A number of former patients of the Galle General Hospital, who had been discharged as incurable, came to me and recovered their health; and, naturally, went to shouting the news on the house-tops, so to say. The medical profession could not very well remain blind or indifferent to such a thing, and one day my doings with my patients were overlooked by one of the civil surgeons of the district. On that day 100 patients presented themselves and I treated twenty-three; making, as I see it noted, some wonderful cures. Dr. K. recognizing one of the men, brought him to me with the remark that he had been pronounced incurable after every treatment had failed, and he would like to see what I could make of him. What I made was to enable the sick man to walk about without a stick, for the first time in ten years. The Doctor frankly and generously admitted the efficacy of the mesmeric treatment and remained by me all day, helping me to diagnose; and doing the duties of an hospital assistant. We were mutually pleased with each other, and at parting it was agreed that he should come the next day after breakfast, and help me in whatever way he could. He, himself, was suffering from a stiff ankle or something about his foot, I forget just what, which I relieved. The next day he neither came nor sent any word. The mystery was explained by a note he wrote to the mutual friend who had introduced him to me. It seems that on leaving me, full of enthusiasm about what he had seen—as any open-minded, unspoilt young man would naturally be—he went straight to the Chief Medical Officer and reported. His superior coldly listened, and, when he had finished, delivered himself of the sentence of major and minor excommunication on me. I was a charlatan, this pretended healing was a swindle, the patients had been paid to lie, and the young doctor was forbidden to have anything more to do with me or my money-tricks. To clench the argument, he warned the other that, if he persisted in disregarding his orders, he would run the risk of losing his commission. And if he could find that I took any fee, he should have me prosecuted for practising medicine without a licence! So my quondam assistant and admirer, forgetful of his duty to perfect himself in the healing art, of the paramount claims of Truth to his loyalty, and of science to his professional devotion, of all he had seen me do and its promise of what he could, in time, himself do, not even remembering his relieved foot, nor the claims of politeness upon those who make appointments and are prevented from keeping them, did not come the next day nor even send me one line of apology. I felt sorry for him, because all his future prospects in Government service were at stake, at the same time I am afraid I did not respect him as much as I should if he had manfully stood out against this pitiful and revolting professional slavery; this moral obliquity, which would rather that the whole of mankind should go unhealed unless they were cured by orthodox doctors, in an atmosphere of medical holiness and infallibility. The acquisition of the power to relieve physical suffering by mesmeric processes is so easy that, in ninety-nine cases out of the hundred, it would be one's own fault if it were not developed, but I think that is too important a question to broach at the end of a chapter, so let it stand over for the present.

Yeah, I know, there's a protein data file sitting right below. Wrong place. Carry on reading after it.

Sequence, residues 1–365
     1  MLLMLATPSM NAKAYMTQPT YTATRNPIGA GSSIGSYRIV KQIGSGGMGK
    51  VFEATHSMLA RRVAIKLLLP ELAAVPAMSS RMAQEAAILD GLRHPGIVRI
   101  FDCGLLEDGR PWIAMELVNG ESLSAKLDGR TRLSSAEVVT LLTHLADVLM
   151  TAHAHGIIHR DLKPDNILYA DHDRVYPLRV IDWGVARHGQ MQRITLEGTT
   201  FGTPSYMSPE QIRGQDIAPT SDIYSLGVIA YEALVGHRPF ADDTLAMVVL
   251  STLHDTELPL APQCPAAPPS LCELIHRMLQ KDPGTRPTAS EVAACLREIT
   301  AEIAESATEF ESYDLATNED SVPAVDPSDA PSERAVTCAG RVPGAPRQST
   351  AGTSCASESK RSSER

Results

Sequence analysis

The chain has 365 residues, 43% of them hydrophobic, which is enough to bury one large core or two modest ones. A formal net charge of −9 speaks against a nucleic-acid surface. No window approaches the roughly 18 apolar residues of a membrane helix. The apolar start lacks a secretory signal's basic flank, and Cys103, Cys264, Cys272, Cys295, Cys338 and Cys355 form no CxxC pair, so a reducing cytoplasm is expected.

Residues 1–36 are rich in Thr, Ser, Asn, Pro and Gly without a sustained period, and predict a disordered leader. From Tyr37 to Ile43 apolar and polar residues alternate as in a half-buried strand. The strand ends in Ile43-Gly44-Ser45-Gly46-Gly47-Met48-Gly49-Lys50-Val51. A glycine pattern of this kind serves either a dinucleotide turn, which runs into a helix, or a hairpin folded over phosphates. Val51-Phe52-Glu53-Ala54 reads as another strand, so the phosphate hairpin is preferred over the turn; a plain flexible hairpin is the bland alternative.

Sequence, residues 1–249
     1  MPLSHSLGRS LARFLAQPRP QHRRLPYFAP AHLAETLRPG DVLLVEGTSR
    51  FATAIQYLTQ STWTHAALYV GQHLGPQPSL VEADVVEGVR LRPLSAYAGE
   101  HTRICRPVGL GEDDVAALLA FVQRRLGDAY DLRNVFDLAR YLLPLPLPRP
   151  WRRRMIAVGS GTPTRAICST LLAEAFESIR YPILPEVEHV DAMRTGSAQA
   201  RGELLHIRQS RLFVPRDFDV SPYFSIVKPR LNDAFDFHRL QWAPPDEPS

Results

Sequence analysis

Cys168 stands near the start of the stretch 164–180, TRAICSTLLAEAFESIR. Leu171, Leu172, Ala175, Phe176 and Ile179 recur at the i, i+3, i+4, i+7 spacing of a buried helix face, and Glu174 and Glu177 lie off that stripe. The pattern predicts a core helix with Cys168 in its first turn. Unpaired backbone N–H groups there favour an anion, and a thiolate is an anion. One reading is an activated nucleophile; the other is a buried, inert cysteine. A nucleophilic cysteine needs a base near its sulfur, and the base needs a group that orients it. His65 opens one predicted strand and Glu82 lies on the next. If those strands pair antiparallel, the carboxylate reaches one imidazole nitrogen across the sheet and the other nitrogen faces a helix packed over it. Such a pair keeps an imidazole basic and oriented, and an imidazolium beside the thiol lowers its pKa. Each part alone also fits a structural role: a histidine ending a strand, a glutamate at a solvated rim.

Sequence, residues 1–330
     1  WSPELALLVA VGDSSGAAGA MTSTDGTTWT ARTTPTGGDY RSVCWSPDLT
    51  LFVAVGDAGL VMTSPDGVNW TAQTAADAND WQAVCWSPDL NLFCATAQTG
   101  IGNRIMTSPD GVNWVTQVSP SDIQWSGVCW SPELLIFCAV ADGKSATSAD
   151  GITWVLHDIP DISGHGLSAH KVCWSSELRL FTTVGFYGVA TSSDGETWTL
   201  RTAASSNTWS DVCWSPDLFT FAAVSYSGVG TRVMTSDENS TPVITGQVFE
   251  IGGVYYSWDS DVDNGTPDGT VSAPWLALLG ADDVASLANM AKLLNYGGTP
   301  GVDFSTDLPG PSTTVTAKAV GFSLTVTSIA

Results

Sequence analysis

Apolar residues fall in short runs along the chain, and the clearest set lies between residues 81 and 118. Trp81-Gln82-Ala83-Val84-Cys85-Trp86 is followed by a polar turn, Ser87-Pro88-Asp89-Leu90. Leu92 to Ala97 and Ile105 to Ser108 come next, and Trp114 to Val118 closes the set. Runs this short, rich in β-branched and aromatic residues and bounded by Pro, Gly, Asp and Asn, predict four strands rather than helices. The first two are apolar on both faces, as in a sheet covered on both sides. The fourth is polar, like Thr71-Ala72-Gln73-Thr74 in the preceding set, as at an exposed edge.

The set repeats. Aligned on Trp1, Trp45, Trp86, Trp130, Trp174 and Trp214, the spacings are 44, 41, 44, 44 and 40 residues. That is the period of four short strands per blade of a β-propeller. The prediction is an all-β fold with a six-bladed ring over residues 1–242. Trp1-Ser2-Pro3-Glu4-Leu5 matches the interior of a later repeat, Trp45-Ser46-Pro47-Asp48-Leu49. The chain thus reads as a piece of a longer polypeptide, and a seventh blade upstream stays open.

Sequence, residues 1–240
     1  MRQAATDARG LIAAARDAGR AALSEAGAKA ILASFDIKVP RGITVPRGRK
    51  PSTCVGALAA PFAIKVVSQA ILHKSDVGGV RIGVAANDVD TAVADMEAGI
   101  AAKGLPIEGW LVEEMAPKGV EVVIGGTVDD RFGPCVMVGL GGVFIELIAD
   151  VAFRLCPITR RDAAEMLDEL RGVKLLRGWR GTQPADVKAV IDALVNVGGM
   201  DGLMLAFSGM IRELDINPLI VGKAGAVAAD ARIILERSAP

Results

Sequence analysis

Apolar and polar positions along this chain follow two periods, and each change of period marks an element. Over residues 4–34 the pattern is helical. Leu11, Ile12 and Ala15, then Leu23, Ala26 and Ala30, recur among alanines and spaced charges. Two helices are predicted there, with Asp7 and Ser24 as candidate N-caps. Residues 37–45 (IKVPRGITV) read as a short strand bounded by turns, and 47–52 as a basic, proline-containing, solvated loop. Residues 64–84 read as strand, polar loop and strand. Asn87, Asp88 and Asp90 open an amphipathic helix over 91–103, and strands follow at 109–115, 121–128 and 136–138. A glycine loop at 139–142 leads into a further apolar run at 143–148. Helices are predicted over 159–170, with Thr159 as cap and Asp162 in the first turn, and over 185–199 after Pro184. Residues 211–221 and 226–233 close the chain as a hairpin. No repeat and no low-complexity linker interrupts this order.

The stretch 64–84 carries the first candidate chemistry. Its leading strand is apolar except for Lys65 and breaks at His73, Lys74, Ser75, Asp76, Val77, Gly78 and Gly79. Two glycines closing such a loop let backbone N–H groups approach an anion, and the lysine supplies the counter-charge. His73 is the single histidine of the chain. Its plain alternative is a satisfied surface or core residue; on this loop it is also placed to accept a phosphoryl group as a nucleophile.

End of Chapter XXIV. Olcott went on in future chapters interspersing stories of his travels with many tales of healing of all sorts of human ailments, injuries and problems. After twelve months of this work of treating around 8,000 patients, the Colonel was ordered to suspend all healings. “The prohibition came none too soon, for I am persuaded that I myself should have become paralysed if the strain had been kept up.”